From Cuba to England
While Enrique Jorrin composed the music it was studies made by dance teacher Monsieur Pierre Zurcher-Margolle and his dance partner Doris Lavelle that gave birth to the ballroom style of Cha Cha. On his visit to Cuba in 1952 he noticed that the dance had a split fourth beat where dancers began on the second beat. He brought this idea back to England and created ballroom cha cha cha. Many dancers prefer the original beats although the music for this dance has now been influenced by mainstream genres like Latin pop. Today, many songs that resemble the rhythm and tempo of the cha cha can be used although it must have a sensual feel.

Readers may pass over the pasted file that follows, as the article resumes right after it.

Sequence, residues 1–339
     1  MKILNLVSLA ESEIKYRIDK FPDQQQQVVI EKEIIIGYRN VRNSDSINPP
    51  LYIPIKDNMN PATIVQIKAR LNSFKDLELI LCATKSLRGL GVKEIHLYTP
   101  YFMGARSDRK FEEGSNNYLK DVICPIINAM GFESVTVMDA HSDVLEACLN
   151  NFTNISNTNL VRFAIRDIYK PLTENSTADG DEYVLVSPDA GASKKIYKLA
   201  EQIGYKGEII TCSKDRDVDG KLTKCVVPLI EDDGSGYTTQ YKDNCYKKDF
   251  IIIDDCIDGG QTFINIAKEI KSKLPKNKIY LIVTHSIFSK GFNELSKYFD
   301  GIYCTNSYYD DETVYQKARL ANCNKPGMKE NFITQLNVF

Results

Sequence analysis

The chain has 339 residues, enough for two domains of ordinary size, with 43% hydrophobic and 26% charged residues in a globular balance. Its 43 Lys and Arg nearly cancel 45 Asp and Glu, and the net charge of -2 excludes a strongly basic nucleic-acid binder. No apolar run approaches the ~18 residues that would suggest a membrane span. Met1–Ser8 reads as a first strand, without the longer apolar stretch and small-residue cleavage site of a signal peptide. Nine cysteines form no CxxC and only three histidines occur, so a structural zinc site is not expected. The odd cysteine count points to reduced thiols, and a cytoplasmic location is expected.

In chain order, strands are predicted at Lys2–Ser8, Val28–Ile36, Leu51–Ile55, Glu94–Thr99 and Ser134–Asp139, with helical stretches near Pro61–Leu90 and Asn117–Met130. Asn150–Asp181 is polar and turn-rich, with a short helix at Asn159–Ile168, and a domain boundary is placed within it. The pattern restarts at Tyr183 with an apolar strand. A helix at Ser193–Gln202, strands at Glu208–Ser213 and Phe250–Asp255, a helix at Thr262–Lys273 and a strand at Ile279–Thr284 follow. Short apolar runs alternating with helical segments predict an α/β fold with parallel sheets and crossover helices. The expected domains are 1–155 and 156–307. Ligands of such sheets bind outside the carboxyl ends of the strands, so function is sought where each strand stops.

Let’s do the cha cha
Dance instructors translate the 4/4 beat as “slow-slow-quick-quick-slow” or “step-step-chacha-step”. Cuban music or Latin pop or rock is the ideal choice of music for the cha cha, as long as it is energetic with a steady beat. The dance form is more sensual and requires agility, which is the ability to rapidly change weight and position. The timing is 1 2 3 cha-cha 1 2 3 cha-cha danced at a slow, medium or fast tempo. The cha cha involves interaction from both partners who constantly push forward, making it possible to dance into the floor.